I would suggest that, for better or worse, the "New Deal" has never gone away, just some of its programs. The new relationship the Deal forged between government and the people still dominates much of our thinking today. Sometimes it is just labeled "liberalism," but I'm not sure that's fair to either. Concepts/programs such as Medicare and Medicaid (already mentioned) are the New Deal with a new name that Johnson created ("The Great Society" --- pretty bold since he didn't think of calling it the "Better" society or the "Good" society--- you can hear his speech and many other interesting ones at the link below). This speech is shockingly accurate in its prediction of many things that have happened since ....and even hints at problems No Child Left Behind attempted to solve.
Recently we have added prescription drugs for the elderly (Medicare D), are are suggesting contributions to individual families to help with expenses ($1,000/family to help with gas and heating/cooling expense). We have just received $300-$600 person to "help" with the economy (as though this money weren't ours in the first place). All these are "The New Deal" 80 years later. The changes may or may not have happened without FDR, but that fact is that they arose out of a need in the 30's and have hung around since.
Yes, there are several New Deal programs in effect today as well as new programs which were born from the New Deal philosophy. The Securities and Exchange Commission, which regulates and is the "watch dog" of the stock market. Social Security was created in 1935 as an "old age" pension fund. The Federal Deposit Insurance Corporation, F.D.I.C. which protects our bank deposits. The Fair Labor Standard, otherwise known as min. wage to name a few. New Deal programs led to other social programs under the Johnson administration. Two such programs are medicaid and medicare which were created to assist people with medical costs.
The following programs from Franklin Delano Roosevelt's New Deal Program still exist:
Abandonment of gold standard, gold reserves no longer backed currency
Tennessee Valley Authority, efforts to modernize very poor areas centered on dams that generated electricty on the Tennessee River
Federal Deposit Insurance Corporation, insures deposits in banks to restore confidence in the banking industry
Securities Act of 1933, codified standards for sales and purchases of stocks
Social Security Act, provided financial assistance to the elderly, handicapped, paid for by employee and employer contributions
National Labor Relations Act, set up National Labor Relations Board to supervise management-labor relations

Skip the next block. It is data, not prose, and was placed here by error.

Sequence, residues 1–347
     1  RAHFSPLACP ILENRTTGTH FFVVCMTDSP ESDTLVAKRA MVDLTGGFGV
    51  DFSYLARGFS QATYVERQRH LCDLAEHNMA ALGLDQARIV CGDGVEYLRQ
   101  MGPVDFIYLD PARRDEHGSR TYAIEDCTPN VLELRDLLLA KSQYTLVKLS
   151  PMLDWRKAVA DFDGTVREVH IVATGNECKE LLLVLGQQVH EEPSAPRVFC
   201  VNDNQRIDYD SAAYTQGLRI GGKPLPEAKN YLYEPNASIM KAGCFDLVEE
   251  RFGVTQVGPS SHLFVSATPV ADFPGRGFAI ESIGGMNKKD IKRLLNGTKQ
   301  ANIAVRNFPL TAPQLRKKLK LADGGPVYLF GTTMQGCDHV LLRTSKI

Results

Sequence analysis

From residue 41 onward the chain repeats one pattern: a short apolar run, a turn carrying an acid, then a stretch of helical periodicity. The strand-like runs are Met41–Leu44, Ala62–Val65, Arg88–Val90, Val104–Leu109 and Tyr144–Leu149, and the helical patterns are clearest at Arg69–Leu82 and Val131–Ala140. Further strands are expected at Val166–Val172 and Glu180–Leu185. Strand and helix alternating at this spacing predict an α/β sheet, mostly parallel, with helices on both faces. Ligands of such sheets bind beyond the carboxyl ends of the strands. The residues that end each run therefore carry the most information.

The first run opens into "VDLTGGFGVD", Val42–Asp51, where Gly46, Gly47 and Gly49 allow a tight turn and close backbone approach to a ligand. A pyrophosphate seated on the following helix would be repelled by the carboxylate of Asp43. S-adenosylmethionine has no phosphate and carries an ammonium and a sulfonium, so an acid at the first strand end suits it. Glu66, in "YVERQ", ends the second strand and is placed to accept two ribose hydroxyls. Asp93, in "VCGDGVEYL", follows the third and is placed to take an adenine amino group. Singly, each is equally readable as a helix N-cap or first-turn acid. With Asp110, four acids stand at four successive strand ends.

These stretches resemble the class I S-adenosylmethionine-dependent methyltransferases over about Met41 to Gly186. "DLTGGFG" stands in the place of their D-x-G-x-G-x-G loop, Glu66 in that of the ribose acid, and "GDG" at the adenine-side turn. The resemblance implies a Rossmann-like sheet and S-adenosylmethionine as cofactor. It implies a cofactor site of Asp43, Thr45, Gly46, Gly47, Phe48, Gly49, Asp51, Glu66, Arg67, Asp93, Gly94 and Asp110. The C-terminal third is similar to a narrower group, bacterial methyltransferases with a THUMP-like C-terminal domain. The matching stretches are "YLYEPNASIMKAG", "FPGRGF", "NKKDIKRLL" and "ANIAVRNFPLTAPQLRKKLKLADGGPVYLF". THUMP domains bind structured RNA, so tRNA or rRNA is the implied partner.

Fair Labor Standards Act, established a maximun standard for working hours, 40 hour week
Yes, there are still some components of FDR's New Deal Programme that has a significant effect in today's United State culture and way of life, which still exist in today's society.
Firstly, the Social Security Act (SSA), which helps provide financial aid to the handicapped, lame, the elderly, which were paid by the employee and the employer's payroll contributions. It was started in 1935 and still exists.
Next, the National Labour Relations Act (NLRA), set up by the National Labour Relations Board during 1935, its main aim was to supervise labor-management relations, which help the labour movement groups in promoting their cause. It still exists in modern America.
Furthermore, Federal Crop Insurance Corporation (FCIC), was set up to insure the crops or livestock of many farmers outside against the threat of production and revenue loss substained. It was restructured in 1966 but still exist.
Moreover, the abandoment of gold standards, meaning that the gold reserves was no longer backing by currency exchange.
Also, the Tennessee Valley Authority (TVA), was set up in 1933 to help modernized poor areas, and its most notable effort is to provide hydroelectric dams to generate electricity in the Tennessee River.
Federal Deposit Insurance Corporation was set up to insure deposits in banks in order to regain the confidence amongst citizens to the banks
Finally, the Securities Act of 1933, which implemented the standards involving the purchase and sale of stocks, requiring that investments should be properly disclosed to the government, like transparancy, or face serious legal action for covering up the alleged transaction.
Most of the policies involving this measure, was abolished during the second World War, but still some were practised in the modern society, and the hearts of mankind.